18. Thanks for mentioning Lucky Peach magazine. I just ordered a copy from Amazon Japan. I've never made ramen noodles from scratch, but it's on my things to do list. Let us know how your ramen making turned out.
  19. Here is the original : ごちそうさまでした sorry for the bad transliteration. ...with a minor correction. "Gochiso sama deshita".
  20. I've had beer tasting at both the Kirin company and the Yebisu museum here in Japan. At both places, we were offered draught beer and beer in the can. The whole purpose of offering beer in a can was to teach us to pour the beer in a proper glass. After the demonstration, we were asked to drink from the glass and drink directly from the can and the taste was night and day. The lesson: decant your beer! Almost all beer in Japan come from a can with the exception of larger bottles which are often offered in restaurant. My father-in-law who drinks Asahi, Kirin and Premium will often buy glass bottles for celebrations, but we drink cans for the rest of the year. I guess it's all about a question of perception.
  21. I've bought drinks and tipped, but I really like the Japanese tradition of saying a very loud "Goshiso sama deshita"(Thank you for a good meal) when you exit a restaurant. The staff is always appreciative when they hear a foreigner say it. If you travel to Japan, don't hesitate to say it.
  22. I've waited more than an hour to eat fresh oyster okonomiyaki at a tiny 10 seats shack near the Inland Sea in Japan. It was cold, but the owner provided gas stove to keep us warm, they brought us tea and super tasty mikan. Waiting for food was actually fun. I've been to the Cheese Cake Factory only once in my life and they gave us an electronic pager to tell us when the table was ready. It was totally not worth the wait. In Japan and to a certain extend in Asia, waiting for your food is a sign that you are getting really amazing food. I remember that waiting in line is part of the experience in Shanghai or Singapore. I've attended two major food festival in Japan and I found the 2 hours wait for some stand totally ridiculous. I rather drive 100 km to eat at the original restaurant than wait 2hr to eat food in a plastic bowl. I guess I've learn to be a bit patient in Japan... thinking about waiting in line, I would not mind to wait in line for a smoke meat at Schwartz in Montreal...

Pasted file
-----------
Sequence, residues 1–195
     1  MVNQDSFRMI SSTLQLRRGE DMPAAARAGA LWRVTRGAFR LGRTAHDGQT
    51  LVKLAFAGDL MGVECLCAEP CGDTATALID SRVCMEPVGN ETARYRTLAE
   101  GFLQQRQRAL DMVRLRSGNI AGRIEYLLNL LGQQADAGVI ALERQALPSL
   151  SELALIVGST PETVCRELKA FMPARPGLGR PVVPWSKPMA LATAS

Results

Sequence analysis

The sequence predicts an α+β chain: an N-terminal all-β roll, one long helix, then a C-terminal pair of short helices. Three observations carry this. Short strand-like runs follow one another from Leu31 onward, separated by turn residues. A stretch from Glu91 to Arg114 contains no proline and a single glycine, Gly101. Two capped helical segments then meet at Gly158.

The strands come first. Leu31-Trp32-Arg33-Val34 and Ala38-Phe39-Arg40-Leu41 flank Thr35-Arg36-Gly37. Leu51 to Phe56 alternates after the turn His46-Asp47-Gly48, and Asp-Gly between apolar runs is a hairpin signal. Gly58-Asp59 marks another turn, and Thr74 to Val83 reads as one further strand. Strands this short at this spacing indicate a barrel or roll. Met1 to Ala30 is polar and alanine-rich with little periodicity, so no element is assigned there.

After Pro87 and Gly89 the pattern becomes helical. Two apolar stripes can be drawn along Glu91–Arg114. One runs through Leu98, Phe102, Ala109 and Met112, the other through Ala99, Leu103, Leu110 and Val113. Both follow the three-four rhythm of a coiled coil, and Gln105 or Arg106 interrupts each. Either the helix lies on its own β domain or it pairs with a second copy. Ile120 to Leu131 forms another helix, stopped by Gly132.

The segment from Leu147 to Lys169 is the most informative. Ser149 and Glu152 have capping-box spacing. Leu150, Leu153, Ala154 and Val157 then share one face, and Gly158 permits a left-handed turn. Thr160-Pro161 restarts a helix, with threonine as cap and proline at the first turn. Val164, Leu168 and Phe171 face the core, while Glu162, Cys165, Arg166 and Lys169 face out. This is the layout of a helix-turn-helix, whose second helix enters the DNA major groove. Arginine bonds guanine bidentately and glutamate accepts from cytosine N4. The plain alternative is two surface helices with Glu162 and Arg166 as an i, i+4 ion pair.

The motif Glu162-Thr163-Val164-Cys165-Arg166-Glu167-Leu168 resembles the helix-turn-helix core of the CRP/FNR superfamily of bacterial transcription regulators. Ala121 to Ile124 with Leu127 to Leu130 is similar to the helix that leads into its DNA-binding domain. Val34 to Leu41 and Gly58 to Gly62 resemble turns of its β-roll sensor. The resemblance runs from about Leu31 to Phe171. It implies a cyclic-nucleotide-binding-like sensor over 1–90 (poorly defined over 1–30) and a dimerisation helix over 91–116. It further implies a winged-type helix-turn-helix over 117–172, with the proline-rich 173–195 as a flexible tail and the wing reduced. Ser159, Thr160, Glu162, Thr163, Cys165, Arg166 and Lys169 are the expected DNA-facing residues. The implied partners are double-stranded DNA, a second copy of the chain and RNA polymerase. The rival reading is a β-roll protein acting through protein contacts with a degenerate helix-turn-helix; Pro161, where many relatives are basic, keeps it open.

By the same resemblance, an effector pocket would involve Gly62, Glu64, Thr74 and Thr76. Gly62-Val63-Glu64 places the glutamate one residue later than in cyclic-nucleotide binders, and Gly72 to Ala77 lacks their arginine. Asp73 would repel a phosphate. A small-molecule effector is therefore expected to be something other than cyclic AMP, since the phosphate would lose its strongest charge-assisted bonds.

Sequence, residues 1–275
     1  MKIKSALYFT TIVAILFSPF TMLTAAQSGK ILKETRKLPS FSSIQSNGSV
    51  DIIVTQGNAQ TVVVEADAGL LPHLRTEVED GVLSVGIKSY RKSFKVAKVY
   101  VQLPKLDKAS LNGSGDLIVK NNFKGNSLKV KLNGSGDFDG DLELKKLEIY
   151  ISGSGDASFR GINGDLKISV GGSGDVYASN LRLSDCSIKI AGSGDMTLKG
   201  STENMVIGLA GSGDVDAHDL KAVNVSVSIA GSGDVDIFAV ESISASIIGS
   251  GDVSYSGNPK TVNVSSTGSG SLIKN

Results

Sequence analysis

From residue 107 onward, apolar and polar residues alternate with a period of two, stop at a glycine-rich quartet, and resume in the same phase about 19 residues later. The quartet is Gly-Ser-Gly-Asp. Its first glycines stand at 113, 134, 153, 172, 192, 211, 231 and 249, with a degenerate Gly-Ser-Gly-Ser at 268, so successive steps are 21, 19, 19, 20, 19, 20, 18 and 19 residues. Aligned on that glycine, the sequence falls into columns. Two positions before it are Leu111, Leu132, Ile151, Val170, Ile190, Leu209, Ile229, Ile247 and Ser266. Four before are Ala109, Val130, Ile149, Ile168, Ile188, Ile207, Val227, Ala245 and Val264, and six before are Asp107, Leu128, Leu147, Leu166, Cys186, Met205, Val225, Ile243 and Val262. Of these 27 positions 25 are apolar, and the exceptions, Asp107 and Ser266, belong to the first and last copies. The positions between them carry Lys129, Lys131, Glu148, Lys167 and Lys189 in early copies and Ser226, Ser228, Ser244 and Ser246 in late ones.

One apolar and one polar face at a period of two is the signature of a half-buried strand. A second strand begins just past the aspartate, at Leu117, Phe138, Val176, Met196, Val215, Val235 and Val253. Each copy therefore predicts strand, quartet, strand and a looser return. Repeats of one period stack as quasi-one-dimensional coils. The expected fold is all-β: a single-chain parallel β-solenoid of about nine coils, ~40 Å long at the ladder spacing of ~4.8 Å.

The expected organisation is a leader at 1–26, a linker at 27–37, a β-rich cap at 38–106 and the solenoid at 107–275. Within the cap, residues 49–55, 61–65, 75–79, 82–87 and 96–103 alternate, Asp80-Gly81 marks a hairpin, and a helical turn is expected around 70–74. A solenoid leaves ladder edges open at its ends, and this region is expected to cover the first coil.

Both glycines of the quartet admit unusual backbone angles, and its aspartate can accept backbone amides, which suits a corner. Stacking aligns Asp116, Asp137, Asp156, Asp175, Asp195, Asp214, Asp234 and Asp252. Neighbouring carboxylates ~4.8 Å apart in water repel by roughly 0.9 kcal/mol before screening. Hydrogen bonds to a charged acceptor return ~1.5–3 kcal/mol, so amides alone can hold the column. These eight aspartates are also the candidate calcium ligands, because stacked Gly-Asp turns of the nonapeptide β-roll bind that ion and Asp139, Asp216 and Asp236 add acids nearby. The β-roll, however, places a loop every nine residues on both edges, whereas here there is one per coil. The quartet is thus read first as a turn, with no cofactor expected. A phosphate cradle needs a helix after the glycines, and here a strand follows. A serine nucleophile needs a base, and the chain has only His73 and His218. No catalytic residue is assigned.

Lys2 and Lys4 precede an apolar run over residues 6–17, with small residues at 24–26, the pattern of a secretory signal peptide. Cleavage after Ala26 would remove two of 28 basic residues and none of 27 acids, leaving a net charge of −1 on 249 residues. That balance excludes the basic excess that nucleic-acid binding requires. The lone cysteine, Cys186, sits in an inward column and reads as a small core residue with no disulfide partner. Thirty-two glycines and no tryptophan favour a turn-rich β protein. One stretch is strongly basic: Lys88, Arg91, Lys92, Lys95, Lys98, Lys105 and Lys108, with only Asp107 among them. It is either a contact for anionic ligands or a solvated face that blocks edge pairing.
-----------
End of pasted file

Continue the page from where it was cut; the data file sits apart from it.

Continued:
23. Chocolate covered potato chip are the secret weapon to get my Japanese wife and her two sisters fighting until the last bite. The chocolate company Royce make them. Here is a link for the product. http://www.e-royce.com/english/product_potato_potechi.html I would be very curious to taste this ice cream. Nice idea!
  24. Looks good! I had chirashi for school lunch last week. It was the anago, egg, mushroom type, nothing fancy but quite delicious for a school lunch. I should have taken a picture.
  25. I am getting married soon in Japan and when it came to finding a place to have our wedding dinner, we ended up deciding for a small fusion Asian restaurant where I was asked if I had any food restriction the first time I went there. I get asked every single day if I can eat sashimi, but it was a nice touch. The waitress explained that the chef can modify any tasting menu if it's possible and they have the ingredients. We chose this restaurant because I knew I could get something my picky parents would like. This flexibility was crucial for this particular dinner. I've noticed some flexibility in some ryokan and traditional restaurants too. I am not a picky eater, I simply hate shishamo fishes and natto. At the same time, I was very angry at a vegetarian friend who made a poor Japanese home cook very uncomfortable when she refused to eat the miso soup because the dashi was fish based. I think it's all about doing you homework. If you are in a ramen shop in Fukuoka, don't expect the guy behind the counter to accomodate you too much.